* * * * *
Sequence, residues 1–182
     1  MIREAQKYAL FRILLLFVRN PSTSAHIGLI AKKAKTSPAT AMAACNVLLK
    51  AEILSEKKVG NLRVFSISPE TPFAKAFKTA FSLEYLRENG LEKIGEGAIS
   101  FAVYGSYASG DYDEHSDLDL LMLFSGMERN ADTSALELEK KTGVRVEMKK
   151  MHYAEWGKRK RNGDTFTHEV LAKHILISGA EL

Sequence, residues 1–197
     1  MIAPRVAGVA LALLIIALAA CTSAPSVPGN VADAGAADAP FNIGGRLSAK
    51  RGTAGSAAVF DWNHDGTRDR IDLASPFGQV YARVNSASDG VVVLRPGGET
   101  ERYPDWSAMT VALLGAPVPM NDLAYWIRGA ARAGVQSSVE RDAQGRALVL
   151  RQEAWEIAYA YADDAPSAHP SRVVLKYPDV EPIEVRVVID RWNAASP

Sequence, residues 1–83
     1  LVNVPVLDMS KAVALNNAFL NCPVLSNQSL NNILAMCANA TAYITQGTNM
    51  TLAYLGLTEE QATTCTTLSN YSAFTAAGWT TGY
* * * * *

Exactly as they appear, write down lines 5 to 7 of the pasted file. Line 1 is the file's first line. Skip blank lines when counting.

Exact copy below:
   151  MHYAEWGKRK RNGDTFTHEV LAKHILISGA EL

Sequence, residues 1–197
     1  MIAPRVAGVA LALLIIALAA CTSAPSVPGN VADAGAADAP FNIGGRLSAK